Your first program probably won't win any Web awards, but it will take you beyond what you can do with regular HTML. Figure 1.1 illustrates the "Tip of the day" page, which offers friendly, helpful advice.
Of course, you could write this kind of page without using a technology like PHP, but the program is a little more sophisticated than it might look on the surface. The tip isn't actually embedded in the Web page at all, but it is stored in a completely separate file. The program integrates this separate file into the HTML page. The page owner can change the tip of the day very easily by editing the text file that contains the tips.
You'll start by reviewing your HTML skills. Soon enough, you're going to be writing programs that write Web pages, so you need to be very secure with your HTML coding. If you usually write all your Web pages with a plain-text editor, you should be fine. If you tend to rely on higher end tools like Microsoft FrontPage or Macromedia Dreamweaver, you should put those tools aside for a while and make sure you can write solid HTML by hand.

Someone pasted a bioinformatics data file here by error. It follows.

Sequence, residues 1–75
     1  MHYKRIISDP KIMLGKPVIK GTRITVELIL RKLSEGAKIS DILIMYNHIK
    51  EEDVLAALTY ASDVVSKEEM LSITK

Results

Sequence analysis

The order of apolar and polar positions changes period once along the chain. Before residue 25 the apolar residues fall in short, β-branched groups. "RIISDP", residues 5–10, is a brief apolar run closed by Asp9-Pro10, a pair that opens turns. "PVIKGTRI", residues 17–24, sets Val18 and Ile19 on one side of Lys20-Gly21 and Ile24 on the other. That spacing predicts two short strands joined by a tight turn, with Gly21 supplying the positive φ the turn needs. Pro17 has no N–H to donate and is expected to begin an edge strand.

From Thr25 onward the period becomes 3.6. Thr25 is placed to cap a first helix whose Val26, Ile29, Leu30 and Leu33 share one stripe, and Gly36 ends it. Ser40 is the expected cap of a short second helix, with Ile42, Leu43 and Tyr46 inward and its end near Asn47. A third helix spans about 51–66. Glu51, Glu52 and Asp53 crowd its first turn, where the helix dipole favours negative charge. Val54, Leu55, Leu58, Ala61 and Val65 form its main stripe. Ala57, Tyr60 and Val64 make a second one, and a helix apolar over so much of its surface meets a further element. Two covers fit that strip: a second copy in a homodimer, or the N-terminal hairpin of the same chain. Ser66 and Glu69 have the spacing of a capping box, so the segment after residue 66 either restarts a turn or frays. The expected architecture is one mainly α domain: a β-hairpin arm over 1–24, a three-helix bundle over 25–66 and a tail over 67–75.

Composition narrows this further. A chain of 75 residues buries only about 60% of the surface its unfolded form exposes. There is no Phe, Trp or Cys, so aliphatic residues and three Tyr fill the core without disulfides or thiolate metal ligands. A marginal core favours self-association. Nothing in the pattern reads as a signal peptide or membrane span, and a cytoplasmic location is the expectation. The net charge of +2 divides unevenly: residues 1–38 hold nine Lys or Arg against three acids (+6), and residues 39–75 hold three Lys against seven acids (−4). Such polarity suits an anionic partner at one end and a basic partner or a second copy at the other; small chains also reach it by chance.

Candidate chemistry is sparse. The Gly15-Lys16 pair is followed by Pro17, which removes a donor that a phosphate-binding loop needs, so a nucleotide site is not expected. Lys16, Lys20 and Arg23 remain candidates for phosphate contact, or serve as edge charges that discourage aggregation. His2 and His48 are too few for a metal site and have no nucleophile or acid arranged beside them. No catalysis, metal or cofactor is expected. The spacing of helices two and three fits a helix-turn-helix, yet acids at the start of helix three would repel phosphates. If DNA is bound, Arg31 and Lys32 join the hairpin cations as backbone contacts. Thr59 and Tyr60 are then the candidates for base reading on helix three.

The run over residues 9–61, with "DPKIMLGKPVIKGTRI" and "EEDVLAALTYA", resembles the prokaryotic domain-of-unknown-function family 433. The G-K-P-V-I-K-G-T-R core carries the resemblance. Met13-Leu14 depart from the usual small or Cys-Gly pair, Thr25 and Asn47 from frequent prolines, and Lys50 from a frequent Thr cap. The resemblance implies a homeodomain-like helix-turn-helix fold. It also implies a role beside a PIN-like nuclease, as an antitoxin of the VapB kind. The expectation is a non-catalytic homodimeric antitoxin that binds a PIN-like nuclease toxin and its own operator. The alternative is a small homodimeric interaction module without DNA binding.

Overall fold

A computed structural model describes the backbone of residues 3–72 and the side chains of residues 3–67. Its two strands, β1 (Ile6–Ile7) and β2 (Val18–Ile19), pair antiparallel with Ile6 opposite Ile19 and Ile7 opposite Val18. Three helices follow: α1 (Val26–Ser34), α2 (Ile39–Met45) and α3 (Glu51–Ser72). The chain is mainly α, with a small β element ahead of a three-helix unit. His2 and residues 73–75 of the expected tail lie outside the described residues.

The Tip of the day page illustrates one of the hottest concepts in Web programming today— the content management system. This kind of structure allows programmers to design the general layout of a Web site, but isolates the contents from the page design. The page owners (who might or might not know how to modify a Web page directly) can easily change a text file without risk of exposing the code that holds the site together. As you progress through this book, you'll learn how to develop powerful content management systems, as well as a lot of other cool things.